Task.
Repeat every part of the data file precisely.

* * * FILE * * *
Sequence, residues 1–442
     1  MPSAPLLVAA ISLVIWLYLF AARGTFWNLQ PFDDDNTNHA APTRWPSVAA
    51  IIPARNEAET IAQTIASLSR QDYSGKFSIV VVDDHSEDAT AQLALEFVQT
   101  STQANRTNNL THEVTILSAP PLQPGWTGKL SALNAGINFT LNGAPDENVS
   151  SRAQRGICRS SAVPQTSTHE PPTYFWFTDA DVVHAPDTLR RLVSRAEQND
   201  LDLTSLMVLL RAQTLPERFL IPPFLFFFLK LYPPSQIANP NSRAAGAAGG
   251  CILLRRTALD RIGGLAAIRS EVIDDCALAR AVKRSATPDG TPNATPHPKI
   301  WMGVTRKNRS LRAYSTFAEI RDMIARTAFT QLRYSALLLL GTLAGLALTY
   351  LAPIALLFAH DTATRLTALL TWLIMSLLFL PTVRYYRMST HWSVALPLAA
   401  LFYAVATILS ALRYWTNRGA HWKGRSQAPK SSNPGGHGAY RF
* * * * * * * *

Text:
Sequence, residues 1–442
     1  MPSAPLLVAA ISLVIWLYLF AARGTFWNLQ PFDDDNTNHA APTRWPSVAA
    51  IIPARNEAET IAQTIASLSR QDYSGKFSIV VVDDHSEDAT AQLALEFVQT
   101  STQANRTNNL THEVTILSAP PLQPGWTGKL SALNAGINFT LNGAPDENVS
   151  SRAQRGICRS SAVPQTSTHE PPTYFWFTDA DVVHAPDTLR RLVSRAEQND
   201  LDLTSLMVLL RAQTLPERFL IPPFLFFFLK LYPPSQIANP NSRAAGAAGG
   251  CILLRRTALD RIGGLAAIRS EVIDDCALAR AVKRSATPDG TPNATPHPKI
   301  WMGVTRKNRS LRAYSTFAEI RDMIARTAFT QLRYSALLLL GTLAGLALTY
   351  LAPIALLFAH DTATRLTALL TWLIMSLLFL PTVRYYRMST HWSVALPLAA
   401  LFYAVATILS ALRYWTNRGA HWKGRSQAPK SSNPGGHGAY RF